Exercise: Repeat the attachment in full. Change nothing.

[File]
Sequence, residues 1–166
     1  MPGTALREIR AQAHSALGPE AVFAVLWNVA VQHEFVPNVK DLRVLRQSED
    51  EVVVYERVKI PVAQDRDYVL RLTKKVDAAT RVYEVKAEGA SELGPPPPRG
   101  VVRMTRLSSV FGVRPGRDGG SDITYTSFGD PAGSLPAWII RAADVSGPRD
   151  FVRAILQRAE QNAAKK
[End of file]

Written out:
Sequence, residues 1–166
     1  MPGTALREIR AQAHSALGPE AVFAVLWNVA VQHEFVPNVK DLRVLRQSED
    51  EVVVYERVKI PVAQDRDYVL RLTKKVDAAT RVYEVKAEGA SELGPPPPRG
   101  VVRMTRLSSV FGVRPGRDGG SDITYTSFGD PAGSLPAWII RAADVSGPRD
   151  FVRAILQRAE QNAAKK